Book It or Look It: Les Misérables


Delaney Brenner, Staff Writer

Welcome to the third edition of “Book It or Look It!” where I will be comparing the 1832 classic Victor Hugo novel Les Misérables with the 2012 movie musical adaptation. 

I read a translated and abridged version of Les Misérables last summer. It took me the entire month of August to get through. The story was lovely and while I cannot say I blame Hugo too much for the long-winded nature of the novel, as the more he wrote the more he got paid, it did make it a bit hard to follow. There were about five different plot lines all with at least one main character. In the end the stories converged into the main story (with Jean Valjean as the overarching protagonist) but getting to that point took some time. Hugo would jump from one storyline to the next while simultaneously moving back five years in time and then adding in historical context before returning to the first storyline. It was…a lot. Even within one storyline there was so much intense detail, and a lot of old, strange vocabulary that there were a few paragraphs I read multiple times (with the help of an online dictionary) and was still exceptionally confused. 

Now for the movie. There’s no sugar-coating it. It sucked. I am sorry if this is your favorite movie of all time but you have horrible taste. You would think a movie based on such a well-acclaimed book and Broadway musical with as many famous actors as this one had would turn out at least halfway decent, but no. I am sorry to the actors as well but their singing left much to be desired. Anne Hathaway’s voice is lovely but her character Fantine’s song was just not engaging. Oh and Gavroche’s second song made me SO MAD! Okay so there is a part where the revolutionists have made a barricade, and this young boy, Gavroche, goes out from behind it to pick up bullets and other valuable materials from the dead bodies to replenish their stocks. While he does this he sings a historical French song called “ La Faute à Voltaire.” In the movie, they REPLACE this song with an English one! That was the absolute worst part of the movie for me. And some of the other songs just felt so out of place. Like Eponine’s. SHE IS NOT THAT IMPORTANT! While that does stem from the blatant misogyny of Hugo’s time, there was no need to try and boil this story down to a love triangle. Yes she was in love with Marius, yes that was important to her actions, but he did not care about her that much. In connection with that, Marius and Cosette’s storyline was so truncated that all the nuance of them falling in love was totally lost. I understand that the producers did not want a four-hour-long movie, but the parts they cut out just infuriated me. They jumped from Jean Valjean and Cosette reaching the convent, to five years later when they had left. Sure a lot of the time spent in the convent was not that important, but we lost the whole coffin storyline!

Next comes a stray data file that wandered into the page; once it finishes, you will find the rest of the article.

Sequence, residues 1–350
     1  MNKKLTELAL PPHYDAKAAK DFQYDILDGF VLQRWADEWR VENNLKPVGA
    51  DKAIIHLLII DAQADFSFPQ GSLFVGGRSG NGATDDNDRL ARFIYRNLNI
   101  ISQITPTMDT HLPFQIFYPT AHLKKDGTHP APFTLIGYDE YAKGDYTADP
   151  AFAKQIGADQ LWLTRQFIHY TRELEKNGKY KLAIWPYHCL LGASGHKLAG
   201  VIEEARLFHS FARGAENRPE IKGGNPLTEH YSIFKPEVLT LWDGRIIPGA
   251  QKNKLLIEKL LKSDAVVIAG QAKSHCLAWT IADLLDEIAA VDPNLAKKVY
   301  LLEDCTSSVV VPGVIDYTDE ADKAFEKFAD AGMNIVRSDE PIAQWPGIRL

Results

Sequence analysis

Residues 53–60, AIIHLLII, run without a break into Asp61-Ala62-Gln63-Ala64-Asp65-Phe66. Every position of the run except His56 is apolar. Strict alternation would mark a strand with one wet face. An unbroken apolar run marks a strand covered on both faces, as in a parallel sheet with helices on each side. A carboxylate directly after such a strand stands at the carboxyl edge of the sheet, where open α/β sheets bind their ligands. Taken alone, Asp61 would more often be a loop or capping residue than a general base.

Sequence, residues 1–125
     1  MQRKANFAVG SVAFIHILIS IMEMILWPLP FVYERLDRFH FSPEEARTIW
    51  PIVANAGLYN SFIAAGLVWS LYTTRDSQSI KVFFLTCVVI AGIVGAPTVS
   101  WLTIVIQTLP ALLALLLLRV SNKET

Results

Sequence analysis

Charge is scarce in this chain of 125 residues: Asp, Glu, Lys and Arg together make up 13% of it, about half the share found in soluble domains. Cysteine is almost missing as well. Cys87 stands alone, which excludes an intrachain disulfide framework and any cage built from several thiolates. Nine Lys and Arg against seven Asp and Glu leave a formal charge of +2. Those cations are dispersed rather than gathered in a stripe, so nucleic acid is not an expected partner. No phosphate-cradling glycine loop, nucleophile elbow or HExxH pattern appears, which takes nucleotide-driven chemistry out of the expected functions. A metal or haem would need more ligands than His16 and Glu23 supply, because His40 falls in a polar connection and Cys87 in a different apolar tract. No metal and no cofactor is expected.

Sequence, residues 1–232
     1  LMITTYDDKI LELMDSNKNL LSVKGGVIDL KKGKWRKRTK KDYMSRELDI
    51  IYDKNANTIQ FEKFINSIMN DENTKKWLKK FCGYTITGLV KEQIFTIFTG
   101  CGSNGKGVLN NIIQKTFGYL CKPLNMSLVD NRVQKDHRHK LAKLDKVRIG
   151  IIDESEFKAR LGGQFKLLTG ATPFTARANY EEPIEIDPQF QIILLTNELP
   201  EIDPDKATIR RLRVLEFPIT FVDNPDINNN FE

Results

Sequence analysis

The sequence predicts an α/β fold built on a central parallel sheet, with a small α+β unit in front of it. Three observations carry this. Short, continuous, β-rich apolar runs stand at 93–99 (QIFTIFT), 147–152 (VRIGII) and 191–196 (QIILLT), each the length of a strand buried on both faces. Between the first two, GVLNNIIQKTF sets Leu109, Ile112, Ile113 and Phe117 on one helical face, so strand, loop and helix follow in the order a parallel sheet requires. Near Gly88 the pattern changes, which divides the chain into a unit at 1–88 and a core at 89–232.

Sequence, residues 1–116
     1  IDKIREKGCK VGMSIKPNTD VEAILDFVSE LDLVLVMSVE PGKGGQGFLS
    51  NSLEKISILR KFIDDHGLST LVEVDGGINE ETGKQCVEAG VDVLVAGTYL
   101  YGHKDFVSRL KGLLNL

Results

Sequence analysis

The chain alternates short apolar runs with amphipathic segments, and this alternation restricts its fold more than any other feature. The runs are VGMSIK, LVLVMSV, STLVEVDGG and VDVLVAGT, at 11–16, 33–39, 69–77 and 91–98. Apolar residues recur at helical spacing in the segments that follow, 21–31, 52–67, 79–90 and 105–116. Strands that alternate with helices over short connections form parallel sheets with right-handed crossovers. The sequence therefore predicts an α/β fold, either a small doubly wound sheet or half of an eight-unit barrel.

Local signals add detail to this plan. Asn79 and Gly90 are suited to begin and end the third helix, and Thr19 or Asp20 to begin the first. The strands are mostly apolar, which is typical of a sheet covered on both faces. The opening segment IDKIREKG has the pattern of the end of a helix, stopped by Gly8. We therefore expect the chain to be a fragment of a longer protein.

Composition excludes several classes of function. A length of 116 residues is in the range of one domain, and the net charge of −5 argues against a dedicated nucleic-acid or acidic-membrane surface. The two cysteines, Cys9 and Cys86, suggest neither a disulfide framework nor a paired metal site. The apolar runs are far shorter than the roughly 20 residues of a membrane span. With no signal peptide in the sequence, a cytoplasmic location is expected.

I could go on and on about Les Misérables and how awful the movie was but I am sure you do not want to read all that. So I will leave you with a very strong recommendation: book it!

Obviously this edition lent itself very strongly to choosing book it, but are you ever going to say look it?

No, probably not. 

What? The whole premise of this column is to give both the book and the “look” an equal chance is it not?

Technically, sure. But in case it was not obvious I am pretty biased towards books. Like 7th grade me said in a completely different context, “Choose books, not looks.”

Okay first of all why would you have said that in 7th grade? Second of all that is plagiarism. 

It was some whole thing with Matilda. And no it’s not, it was my quote anyway. 

That’s still plagiarism though.

Well whatever, I give myself permission. It is for a completely different topic anyway. And it’s not for a grade so… 

I mean it does sound nice. I guess you can get away with it.

Good. Not sure what the next edition of “Book It or Look It!” will be on but stay tuned, and until then— 

Can I say it?

Wow, you go from calling me out for plagiarism to wanting to have the last word. Fine, go ahead.

Cool. Remember to “Choose looks, not books!”

Lovely…Hold on! That’s not right—